(b London, 28 Mar. 1809; d London, 19 Mar. 1896). The best-known member of a family of English painters. A pupil of his father, the miniaturist Thomas Richmond, Sen. (1771–1837), he also studied at the Royal Academy, where he became a friend of Samuel Palmer. With Palmer and others he was one of the group of William Blake's followers known as the Ancients. However, his imitation of Blake's mannerisms was heavy-handed (The Eve of Separation, 1830, Ashmolean Mus.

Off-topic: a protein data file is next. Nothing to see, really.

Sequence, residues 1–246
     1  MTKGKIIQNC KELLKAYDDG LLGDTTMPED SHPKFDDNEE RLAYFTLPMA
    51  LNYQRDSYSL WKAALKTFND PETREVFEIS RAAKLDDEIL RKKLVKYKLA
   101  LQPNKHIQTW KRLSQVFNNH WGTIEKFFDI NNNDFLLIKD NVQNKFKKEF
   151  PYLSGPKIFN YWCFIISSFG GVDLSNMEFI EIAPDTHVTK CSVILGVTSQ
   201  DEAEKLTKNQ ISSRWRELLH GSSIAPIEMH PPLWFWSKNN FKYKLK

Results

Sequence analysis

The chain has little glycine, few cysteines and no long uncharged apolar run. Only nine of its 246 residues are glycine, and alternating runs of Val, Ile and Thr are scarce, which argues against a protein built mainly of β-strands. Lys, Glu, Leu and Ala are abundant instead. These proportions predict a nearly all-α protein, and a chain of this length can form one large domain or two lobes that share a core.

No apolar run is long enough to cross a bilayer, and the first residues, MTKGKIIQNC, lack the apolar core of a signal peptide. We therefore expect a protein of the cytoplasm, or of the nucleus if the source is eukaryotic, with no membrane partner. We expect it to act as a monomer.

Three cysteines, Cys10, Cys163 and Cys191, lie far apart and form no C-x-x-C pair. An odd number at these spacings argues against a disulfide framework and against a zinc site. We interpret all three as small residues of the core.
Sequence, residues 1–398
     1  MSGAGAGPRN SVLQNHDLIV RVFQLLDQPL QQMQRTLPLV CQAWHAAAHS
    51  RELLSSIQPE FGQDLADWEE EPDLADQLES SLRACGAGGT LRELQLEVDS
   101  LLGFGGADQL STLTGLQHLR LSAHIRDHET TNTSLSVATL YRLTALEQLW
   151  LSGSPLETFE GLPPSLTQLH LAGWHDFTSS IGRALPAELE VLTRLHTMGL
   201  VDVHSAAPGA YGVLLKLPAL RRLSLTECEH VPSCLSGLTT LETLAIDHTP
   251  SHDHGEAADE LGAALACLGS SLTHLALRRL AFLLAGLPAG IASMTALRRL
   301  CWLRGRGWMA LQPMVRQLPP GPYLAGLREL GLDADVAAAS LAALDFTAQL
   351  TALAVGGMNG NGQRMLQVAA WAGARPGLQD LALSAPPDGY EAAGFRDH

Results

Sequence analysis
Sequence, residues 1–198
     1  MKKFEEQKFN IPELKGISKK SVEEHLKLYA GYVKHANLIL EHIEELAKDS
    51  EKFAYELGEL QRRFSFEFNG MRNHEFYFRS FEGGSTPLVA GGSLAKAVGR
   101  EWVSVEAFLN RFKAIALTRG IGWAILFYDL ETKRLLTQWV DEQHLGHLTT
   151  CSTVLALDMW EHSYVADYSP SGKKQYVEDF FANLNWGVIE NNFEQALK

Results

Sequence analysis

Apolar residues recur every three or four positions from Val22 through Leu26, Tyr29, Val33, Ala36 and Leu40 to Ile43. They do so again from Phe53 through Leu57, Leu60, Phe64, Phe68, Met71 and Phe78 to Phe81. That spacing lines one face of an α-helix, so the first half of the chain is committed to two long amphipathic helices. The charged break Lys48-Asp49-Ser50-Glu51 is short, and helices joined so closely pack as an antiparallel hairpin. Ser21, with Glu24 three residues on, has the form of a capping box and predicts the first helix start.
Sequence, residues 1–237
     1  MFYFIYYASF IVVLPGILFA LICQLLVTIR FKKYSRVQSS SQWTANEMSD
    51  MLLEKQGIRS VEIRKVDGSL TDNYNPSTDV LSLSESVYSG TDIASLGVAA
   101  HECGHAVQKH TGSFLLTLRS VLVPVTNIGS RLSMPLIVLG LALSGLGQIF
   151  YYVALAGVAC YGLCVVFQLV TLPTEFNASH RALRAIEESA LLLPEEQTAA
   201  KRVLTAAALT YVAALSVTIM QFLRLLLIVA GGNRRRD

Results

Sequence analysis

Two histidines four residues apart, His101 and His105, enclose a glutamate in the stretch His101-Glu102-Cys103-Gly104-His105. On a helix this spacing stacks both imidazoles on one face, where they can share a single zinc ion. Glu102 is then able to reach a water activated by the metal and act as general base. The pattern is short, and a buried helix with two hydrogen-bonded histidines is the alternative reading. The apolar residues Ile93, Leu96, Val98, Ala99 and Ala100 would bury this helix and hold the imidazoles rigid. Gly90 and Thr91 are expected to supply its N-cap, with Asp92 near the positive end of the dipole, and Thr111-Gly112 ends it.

, Oxford). From about 1830 he turned from poetic and religious themes to portraiture and became a great fashionable success. He was highly prolific, his account books listing about 2,500 portrait paintings and drawings. His brother, Thomas Richmond, Jun. (1802–74), and his son, Sir William Blake Richmond (b London, 29 Nov. 1842; d London, 11 Feb. 1921), were also painters. Thomas specialized in portraits, but William had a varied output and was also a sculptor and a designer (notably of numerous mosaics in St Paul's Cathedral, London).
Text Source: The Oxford Dictionary of Art and Artists (Oxford University Press)